Occams Laser has released his new album “Purgatory” some days ago. This artist continues to deliver great conceptional LPs inspired by the darker realms of the wave. Read what’s behind this album in this interview with the artist himself!
What inspired you to create Purgatory?
I noticed that many people had made music based on heaven and hell, but barely any with regards to that middle area of Purgatory. For me this missing area needed to be explored. Also, the word itself. The word for me is one of those powerful biblical terms which resonate with a lot of people.
Can you connect a personal story / life experience with the album?
I guess when I think of the idea of Purgatory it makes me feel self critical, as in finding things I need to improve and work on. Nobody is perfect, and with my music as well with other aspects of my life; I’m always trying to become a better version of myself.
Dante Alighieri plays a bigger role in your work. Can you describe how you came in contact with his work and what impact it has for you?
Back when I was in university I came across The Divine Comedy by Dante Alighieri as part of my course. On the front of the copy I borrowed from the library was an illustration by Gustave Dore and I found it a really interesting powerful image, this spurred me to read the whole thing cover to cover. After I finished I would say I had a slightly different outlook, I loved the use of famous literary and cultural figures to enhance the meaning of crucial areas. It wasn’t until very recently that I started thinking about dark themes in my music that I even considered using the Divine Comedy as a source of inspiration, this was a move I am extremely glad about!
Describe the album with your own words using only 7 words!
Darker and crunchier than standing on coco-pops (yeah I slightly cheated)
Which are your favourite tracks of the album if you had to choose?
Two tracks for me that stand out on the album are; The Late Repentant and Terrace of the Envious. Both of these tracks were my favourites to write and I think they are the best representation of what I was trying to create with this album.
How is the album connected to your previous work?
This album is a direct sequel to the album ‘Nine Circles’. Nine Circles dealt with the ideas of Hell, and now we deal with Purgatory. There is a plan in motion for a third album relating to the themes of Heaven to fully finish the trilogy. The likely title for this will be ‘Spheres of Heaven’.
When you started to create the album, how did you conceptualise it and how much time did it take to finalise it?
I have a slightly strange way that I create albums. I tend to start out by making short minute long songs, I end up usually making a lot of these short songs and then picking the best of the bunch to then flesh out and make considerably longer. When writing the fully fleshed out songs I named them according to a certain area in Purgatory, so for instance the song based on Sloth is a lot slower paced than the others on the album. I tried to do this with all the tracks on the album, and there is also an underlying progression from heavily dark to slightly on the light side by the end of the album showing the progression up the Mountain of Purgatory. The album took around a month from inception to being published.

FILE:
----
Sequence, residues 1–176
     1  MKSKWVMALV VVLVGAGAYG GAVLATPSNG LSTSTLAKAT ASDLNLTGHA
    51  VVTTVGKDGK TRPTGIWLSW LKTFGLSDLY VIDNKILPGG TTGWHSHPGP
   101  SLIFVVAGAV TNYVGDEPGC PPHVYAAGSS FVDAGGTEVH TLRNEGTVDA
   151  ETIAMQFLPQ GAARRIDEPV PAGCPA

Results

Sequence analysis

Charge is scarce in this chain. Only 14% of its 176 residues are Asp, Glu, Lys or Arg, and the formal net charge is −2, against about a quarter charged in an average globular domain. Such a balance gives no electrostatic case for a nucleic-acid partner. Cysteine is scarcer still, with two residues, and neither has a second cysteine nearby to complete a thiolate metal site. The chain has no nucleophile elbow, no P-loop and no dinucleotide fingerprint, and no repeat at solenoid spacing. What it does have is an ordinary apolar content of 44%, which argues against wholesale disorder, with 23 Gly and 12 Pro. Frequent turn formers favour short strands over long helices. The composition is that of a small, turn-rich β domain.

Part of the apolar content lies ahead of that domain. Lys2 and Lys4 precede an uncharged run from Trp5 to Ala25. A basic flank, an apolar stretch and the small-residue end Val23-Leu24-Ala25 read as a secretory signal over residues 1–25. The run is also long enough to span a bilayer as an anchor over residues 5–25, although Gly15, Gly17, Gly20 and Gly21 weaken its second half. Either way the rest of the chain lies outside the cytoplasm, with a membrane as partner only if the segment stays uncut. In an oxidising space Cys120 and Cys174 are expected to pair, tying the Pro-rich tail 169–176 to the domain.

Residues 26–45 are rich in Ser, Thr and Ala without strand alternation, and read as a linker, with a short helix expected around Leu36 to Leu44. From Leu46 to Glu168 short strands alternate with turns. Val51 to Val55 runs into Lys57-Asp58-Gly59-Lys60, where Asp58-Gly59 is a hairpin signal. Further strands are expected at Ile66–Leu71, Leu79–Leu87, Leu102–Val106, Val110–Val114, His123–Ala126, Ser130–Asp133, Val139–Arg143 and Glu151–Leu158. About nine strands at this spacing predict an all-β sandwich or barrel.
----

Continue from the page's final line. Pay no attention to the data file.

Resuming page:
How was your general production routine for Purgatory?
When starting a new album I set myself a goal of trying to write 3 or 4 short songs a day, and for me this system works extremely well as I quickly find out what sounds I like and don’t like. The best thing about being a self-sufficient non signed artist is that I have all the freedom I need, and so this freedom for me makes everything rather stress free.
Which tools did you use for this album? Any favourites?
My setup is a rather simple one, with just a laptop and midi keyboard. So all of the instruments used are virtual. For this album I started using a new configuration on my drum samples which turned out better than I could have hoped, so im hoping to use that more in the future. It’s a combo of DMX, Linn Drum, and Roland 707 samples. With regards to favourite instruments; the Rob Papen Predator was heavily used in this album, it’s a beast!
How will Occams Laser evolve?
Something I’m hoping to figure out is how to continue making these dark sounds but possibly with vocals. When I started out I sang on a lot of my songs, but they were all much lighter and pop based. But I have a few ideas, so that is the next aim!
What can we expect in the future?
Lots and lots music from Occams Laser, at least two more releases this year and many more planned for 2017!
How do you see the synthwave genre today?
Synthwave as a genre has become extremely broad, and I see this as a great thing as music diversity encourages ingenuity! The term itself probably needs updating, but im extremely happy to be part of this community and can’t wait to see what comes next for all the artists.
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